Meet Girli: The Artist Who Uses Pink As A Weapon

Recalibrating our understanding of pink, one Pepto Bismal outfit at a time

Meet Girli: The Artist Who Uses Pink As A Weapon

by Lucy Morris |

Masculinity is at a turning point. And, watching from the sidelines as alpha machoism explodes in flames is Girli, the artist who’s motivated by a deep desire to shock, awe and shutdown sexism. At her punkish gigs, she throws tampons like confetti and drowns out the idea that pink, fluffy, sparkly bastions of femininity are in anyway aligned with weakness. She’s brazen, she’s rude and she’s obsessed with the colour pink.

Girli-On-Pink2

Sat in her trailer backstage at Mighty Hoopla festival one hot summers day, Girli explains how her idiosyncratic style came about and why her fanatical passion for Barbie’s favourite colour has become core to her career…

What’s your favourite lyric that you’ve ever written?

There’s a lyric from my song Girls Get Angry Too, where I say: ‘hyper-masculinity drowning the vicinity weakness is just another word for femininity’.

What was the progression of developing your personal style?

I don’t like to use the word ‘tomboy’, but when I was first in a band, I loved wearing men’s clothing. I wore loads of baggy t-shirts and jeans, I had short hair, and I wore baseball caps. And then it just switched when I discovered new types of music. I was really into indie, then I started listening to more female-made music, and my style developed based on what I was listening to. And one day it just assembled.

Where does your obsession with pink come from?

Initially, it came from a love of Japanese culture, like Kawaii and Harajuku, and of 90s millennial style. But I also like subverting it the concept that people see it as a weak colour as that’s bullshit.

I was really into millennium fashion and the Spice Girls, Britney, Shampoo and ‘90s Pop, which had adopted a child-like style. It started when I would tie my hair up in little girls’ bobbles and stuff and then I started being into punk, and pink started to represent something different for me – instead of something childlike it started to represent something strong. I like subverting it and that when people see I wear all pink they underestimate me because they think it’s childish. It’s the same thing as what people think when they hear the word ‘Girli’. They think it means weak and sissy and I’m a pussy, but it doesn’t. To me, it means strong.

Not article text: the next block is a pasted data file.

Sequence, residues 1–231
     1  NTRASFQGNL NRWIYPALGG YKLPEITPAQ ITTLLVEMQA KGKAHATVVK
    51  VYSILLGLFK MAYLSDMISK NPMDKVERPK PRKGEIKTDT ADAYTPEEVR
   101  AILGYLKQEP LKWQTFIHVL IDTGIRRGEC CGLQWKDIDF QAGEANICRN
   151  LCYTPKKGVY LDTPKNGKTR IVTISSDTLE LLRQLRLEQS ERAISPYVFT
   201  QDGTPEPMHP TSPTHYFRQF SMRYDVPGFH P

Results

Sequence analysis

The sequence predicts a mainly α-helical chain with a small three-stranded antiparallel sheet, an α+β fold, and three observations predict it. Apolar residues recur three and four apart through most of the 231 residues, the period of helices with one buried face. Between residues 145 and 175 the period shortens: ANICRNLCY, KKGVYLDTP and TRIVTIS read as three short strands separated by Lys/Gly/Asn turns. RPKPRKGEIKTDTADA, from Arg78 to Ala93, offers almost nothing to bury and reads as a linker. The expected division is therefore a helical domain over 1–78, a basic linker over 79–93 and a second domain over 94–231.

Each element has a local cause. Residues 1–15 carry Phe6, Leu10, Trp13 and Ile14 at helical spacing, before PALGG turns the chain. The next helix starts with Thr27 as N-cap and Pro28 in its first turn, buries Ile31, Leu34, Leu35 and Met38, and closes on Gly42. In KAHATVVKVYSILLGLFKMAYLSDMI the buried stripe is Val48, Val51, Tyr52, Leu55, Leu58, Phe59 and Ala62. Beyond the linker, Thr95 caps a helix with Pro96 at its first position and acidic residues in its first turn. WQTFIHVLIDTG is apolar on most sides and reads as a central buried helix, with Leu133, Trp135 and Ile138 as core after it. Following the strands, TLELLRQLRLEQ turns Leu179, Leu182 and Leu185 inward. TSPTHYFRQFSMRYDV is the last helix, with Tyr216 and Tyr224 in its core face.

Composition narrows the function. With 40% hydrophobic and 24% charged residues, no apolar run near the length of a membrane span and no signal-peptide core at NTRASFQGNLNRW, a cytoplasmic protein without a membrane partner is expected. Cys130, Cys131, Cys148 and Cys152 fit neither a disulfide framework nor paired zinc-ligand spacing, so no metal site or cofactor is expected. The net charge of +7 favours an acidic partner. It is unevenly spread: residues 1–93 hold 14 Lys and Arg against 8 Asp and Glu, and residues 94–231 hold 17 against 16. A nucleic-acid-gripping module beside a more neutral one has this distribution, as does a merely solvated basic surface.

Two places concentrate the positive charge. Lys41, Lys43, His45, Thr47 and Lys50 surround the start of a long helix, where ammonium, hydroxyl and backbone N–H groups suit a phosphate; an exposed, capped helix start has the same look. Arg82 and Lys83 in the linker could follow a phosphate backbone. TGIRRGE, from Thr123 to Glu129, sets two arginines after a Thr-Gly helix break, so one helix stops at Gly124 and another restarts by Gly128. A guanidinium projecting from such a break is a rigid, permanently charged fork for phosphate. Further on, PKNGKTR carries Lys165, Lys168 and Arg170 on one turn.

Do you think you’ll ever move away from pink?

I don’t know. Who’s to say. People ask me that a lot as in I should be embarrassed about it if I ever stop wearing pink. And I’m just like, ‘fuck off, I’ll wear what I’ll wear, when I want to wear it.’ I’m really into it right now, but in three years maybe I’ll be into blue.

How do you decide what to wear on stage?

I work with a really cool stylist called Jamie Jarvis, she’s a legend. Basically, I have ideas about what I want to wear or the outfits to look like. Say there’s a 12-date tour, we’ll have like six different outfits and I’ll wear some of them twice. We go shopping to places like Punkyfish and vintage stores or we’ll collaborate with a designer. For instance, I had boiler suits tie-dyed for this tour. I also had a matching double-denim millennial pink look with diamanté that said Girli on the back. And, I worked with Jamie Hutwood who sews together polo shirts and petticoats to make dresses. The idea is to look punky and girly.

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Follow Lucy on Instagram @lucyalicemorris

This article originally appeared on The Debrief.

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